Consider the following; you are born in America but at age three move over to France. How many connections cut there? And then you are born with a particular mother and father but there is a death or divorce and many of those original, foundational connections are severed. Or a war comes so even if you stay in the same country with the same parents, not only are many people killed in that war but many move away to different towns never to return; or maybe the country is conquered and new language, new diet, and new ways of being are imposed. How many of your emotional and cultural connections are severed when this happens? If you are old enough, perhaps you have revisited a place where you grew up as a child but haven’t seen in years, and remember just how different everything feels, and also how different you feel looking around at it all. Buildings from before have moved; entire streets have been re-shaped; shops have changed; the food is different; family farms have sold out and instead there are suburbs. Or something still there from the old days now looks old and out of place, or doesn’t feel the same way as you remember. The old lady in the store when you bought candy is long gone and you don’t recognise anyone behind the counter. And they don’t know you. And on and on.
So the hypothesis is simple: as we lose the connections we were born with, especially the ones most vital to our having been born at all, gradually we age and fade. This is why our older bodies, though clearly still belonging to the same person, the same ‘me,’ start to look like different versions of ourselves. At first we grow and strengthen until around 25 to 30 or so, and then things stay more or less the same for a while, albeit always with small, steady changes, but then once the sixties hit, things change more rapidly and you begin to look more and more like an old person, which is sort of like a rubbed-out and faded version of the previous person. And in many cases, this is as true on the inside as it is on the outside.
Why? Because the connections there at your birth, a sort of multi-faceted, multi-dimensional karmically interconnected force field, are dropping away steadily and as they do, vital causes and conditions present at your creation, are slowly fading away. Where at first you had, say, a million such connections, by the time you reach your eighties there are only a hundred thousand, which is still very many, more than enough to sustain life, but not in the same way as you started, for every time an original connection fades away, so does a part of you.
This is why we age the way we do, gradually fading, gradually blurring.
A little family story which proves nothing but resonates: the last time I visited my 92-year old grandfather, one evening he answered the phone, said only a few words, put down the receiver, and then started to cry softly. He was a man born around 1900 and so brought up not to show too much emotion, but when you get very old, often you become more childlike in many ways. I waited until he stopped crying, which wasn’t very long, and then he looked up to explain:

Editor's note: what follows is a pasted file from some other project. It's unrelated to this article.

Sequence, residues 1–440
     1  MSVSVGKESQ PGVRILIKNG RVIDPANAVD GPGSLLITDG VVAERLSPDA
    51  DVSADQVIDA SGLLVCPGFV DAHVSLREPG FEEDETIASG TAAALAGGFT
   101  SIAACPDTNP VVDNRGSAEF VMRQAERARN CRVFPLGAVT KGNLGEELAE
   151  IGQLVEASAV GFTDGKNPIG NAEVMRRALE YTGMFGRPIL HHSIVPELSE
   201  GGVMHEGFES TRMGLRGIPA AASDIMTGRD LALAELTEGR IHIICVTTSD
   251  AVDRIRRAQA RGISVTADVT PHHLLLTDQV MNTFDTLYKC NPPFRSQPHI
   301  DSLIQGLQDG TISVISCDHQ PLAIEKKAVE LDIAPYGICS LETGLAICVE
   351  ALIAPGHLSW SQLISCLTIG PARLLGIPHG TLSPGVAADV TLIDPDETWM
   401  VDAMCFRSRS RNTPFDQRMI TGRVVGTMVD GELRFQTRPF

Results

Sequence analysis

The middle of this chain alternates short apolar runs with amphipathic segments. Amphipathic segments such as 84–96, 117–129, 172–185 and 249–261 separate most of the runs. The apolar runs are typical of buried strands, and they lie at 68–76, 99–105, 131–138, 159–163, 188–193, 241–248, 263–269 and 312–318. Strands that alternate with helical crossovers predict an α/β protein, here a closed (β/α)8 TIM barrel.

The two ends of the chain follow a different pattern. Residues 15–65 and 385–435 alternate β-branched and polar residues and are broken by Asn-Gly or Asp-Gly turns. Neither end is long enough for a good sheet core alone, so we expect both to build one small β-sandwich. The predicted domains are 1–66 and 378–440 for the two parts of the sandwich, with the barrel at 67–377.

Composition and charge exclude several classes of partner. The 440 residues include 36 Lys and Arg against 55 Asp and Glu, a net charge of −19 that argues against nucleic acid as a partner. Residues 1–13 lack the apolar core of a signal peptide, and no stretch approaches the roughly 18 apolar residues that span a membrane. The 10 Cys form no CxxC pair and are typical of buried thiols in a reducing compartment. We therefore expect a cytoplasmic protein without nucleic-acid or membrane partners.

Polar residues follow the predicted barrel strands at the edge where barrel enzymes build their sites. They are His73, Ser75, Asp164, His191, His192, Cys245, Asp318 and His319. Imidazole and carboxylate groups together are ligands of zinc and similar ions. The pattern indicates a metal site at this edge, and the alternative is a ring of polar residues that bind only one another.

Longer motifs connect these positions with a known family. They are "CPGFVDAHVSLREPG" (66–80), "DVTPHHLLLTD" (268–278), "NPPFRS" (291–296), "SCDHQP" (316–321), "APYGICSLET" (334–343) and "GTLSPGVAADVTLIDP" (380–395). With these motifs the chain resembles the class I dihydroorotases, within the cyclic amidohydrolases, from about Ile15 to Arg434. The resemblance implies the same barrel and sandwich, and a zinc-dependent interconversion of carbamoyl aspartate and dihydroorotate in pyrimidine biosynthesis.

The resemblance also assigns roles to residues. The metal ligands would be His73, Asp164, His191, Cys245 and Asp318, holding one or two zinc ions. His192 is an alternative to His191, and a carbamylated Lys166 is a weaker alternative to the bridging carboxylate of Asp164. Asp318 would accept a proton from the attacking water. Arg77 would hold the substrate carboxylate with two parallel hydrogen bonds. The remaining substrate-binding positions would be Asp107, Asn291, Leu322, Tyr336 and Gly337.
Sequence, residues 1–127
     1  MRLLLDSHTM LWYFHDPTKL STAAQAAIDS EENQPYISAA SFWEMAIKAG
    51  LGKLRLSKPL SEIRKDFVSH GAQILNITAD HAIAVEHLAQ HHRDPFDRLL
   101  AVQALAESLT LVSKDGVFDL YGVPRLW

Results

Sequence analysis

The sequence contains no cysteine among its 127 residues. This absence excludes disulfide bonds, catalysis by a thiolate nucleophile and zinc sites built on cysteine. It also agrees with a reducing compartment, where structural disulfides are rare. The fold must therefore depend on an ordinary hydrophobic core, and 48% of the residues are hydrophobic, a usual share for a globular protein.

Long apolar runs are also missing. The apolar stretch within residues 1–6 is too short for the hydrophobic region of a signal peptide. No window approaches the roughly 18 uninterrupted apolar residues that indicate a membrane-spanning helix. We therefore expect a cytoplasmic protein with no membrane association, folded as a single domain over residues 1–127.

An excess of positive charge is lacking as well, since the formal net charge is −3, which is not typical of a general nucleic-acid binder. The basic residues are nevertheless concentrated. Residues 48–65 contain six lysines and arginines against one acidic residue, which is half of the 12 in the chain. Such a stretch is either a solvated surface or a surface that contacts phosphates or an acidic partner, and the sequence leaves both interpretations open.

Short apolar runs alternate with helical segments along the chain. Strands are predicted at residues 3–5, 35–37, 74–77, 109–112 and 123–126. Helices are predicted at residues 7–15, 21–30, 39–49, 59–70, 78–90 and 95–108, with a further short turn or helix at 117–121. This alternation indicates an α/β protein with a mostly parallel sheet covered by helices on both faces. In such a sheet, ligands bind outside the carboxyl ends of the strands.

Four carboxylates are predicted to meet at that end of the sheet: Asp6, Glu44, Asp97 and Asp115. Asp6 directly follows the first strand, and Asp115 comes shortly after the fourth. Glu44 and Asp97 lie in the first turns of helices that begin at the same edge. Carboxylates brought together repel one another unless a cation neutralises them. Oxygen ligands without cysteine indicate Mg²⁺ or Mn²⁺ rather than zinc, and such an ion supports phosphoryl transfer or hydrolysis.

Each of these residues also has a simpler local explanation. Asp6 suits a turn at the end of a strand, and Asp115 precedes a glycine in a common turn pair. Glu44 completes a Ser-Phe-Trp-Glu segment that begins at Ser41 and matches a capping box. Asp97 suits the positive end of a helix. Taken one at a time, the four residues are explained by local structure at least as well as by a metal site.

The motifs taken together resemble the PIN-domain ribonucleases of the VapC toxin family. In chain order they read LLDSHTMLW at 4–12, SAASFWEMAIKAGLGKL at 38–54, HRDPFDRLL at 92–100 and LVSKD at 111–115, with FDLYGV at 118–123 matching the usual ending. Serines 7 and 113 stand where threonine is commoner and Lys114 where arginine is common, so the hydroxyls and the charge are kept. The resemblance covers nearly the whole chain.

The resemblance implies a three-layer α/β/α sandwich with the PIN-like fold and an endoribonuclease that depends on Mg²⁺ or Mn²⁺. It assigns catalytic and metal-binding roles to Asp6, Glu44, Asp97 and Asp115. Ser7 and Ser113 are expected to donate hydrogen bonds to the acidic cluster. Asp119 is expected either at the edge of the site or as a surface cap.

“You know, the only time the phone rings now is for a call like this. But I don’t have to worry about it any more; this is the last one.”
“What do you mean, Grandfather?”
“It only rings when someone calls to tell me that another old friend has died. But that was my last old friend, the last person in this world who I knew when I was growing up, or during my business years. I’ve now outlasted them all. So there won’t be any more such calls.”
Now of course there were many younger people with whom he had connections, like myself, like his son my father, and many others. But in terms of his contemporaries, they were now all gone, including his wife two years earlier. And he was visibly shrinking, barely able to see over the steering wheel of his car which only three years earlier he could easily drive around. And now when driving, he was finding it hard to remember either where he was or where he was going or how to get back home once he got there, even after living in the house for twenty years. One can explain it as lost brain cells, senility, depression or whatever, but also one can consider that this degeneration is occurring simply because he was losing connections with his contemporary reality. One year later he died.
Anyway, that’s my hypothesis. I hope you find it interesting to contemplate. No matter how you get there or why, seriously contemplating change is always worth doing.
So: why do we age the way we do even though our cells are constantly regeneration? This theory postulates that we lose seminal connections and interconnections that were an essential part of our creation and as they change and disappear, so gradually do we.
Postscript: I think this theory is both provocative, reasonable but also unprovable. The scientific method has limitations. A scientific hypothesis must be falsifiable (because either it can be proven true, or such proofs can be shown to be wrong). But this theory involves so many variable that it simply cannot be put to any sort of test at all. Frankly, that is true for pretty much anything in reality, for everything in reality takes place within a living, ever-changing matrix of infinite interconnectivity. So this inability to falsify may indeed be a criticism of this hypothesis, but at the same time it points out that science itself cannot answer every question or explain every phenomenon, and it would be good, frankly, if more scientists and those who write about what scientists regularly throw out at us, were cognisant of this, humble and honest about it, and explained things more forthrightly to all of us on a regular basis. (My little rant at the end!)